The main outputs are a framework for ethical evidence which has three pillars: an Accord, with principles for people/organisations to sign up to and endorse; a supplementary Toolbox to help people identify or produce ethical evidence; and Resources which support both the Accord and the Toolbox. All of this is online and will continue to be updated for the foreseeable future.
I feel sad to have finished this project because I worked with some terrific colleagues and it is only now, just as we have finished, that I feel as if I know what I am doing! I hope I get the opportunity to work on another EC project one day.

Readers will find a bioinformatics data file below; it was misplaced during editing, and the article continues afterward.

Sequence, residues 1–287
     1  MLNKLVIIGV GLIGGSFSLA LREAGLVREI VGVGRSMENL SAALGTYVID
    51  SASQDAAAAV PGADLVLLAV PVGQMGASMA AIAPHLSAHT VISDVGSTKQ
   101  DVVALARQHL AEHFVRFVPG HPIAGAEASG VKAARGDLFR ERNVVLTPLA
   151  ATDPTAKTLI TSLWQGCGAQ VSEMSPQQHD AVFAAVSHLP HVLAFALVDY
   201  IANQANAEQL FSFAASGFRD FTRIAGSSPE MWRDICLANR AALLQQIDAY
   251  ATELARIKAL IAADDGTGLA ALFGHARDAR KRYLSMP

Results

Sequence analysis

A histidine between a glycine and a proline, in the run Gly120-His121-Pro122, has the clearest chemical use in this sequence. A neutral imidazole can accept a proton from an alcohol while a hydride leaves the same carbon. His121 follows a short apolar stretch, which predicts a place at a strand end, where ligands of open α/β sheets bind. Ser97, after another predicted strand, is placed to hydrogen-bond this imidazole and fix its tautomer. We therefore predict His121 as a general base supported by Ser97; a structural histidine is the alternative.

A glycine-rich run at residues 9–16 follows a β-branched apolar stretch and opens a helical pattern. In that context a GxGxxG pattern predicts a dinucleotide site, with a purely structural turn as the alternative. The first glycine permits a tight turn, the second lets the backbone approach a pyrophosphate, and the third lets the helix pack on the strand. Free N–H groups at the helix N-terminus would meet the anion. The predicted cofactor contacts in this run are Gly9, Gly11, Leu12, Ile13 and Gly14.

Dr Helen Kara FAcSS has been an independent researcher since 1999 and an independent scholar since 2011. She writes about research methods and research ethics, and teaches doctoral students and staff at higher education institutions worldwide. Her books include Creative Research Methods: A Practical Guide and Research Ethics in the Real World: Euro-Western and Indigenous Perspectives for Policy Press, and she has written and edited several other books for Policy Press, SAGE and Routledge. She is an Honorary Senior Research Fellow at the University of Manchester, and a Fellow of the Academy of Social Sciences.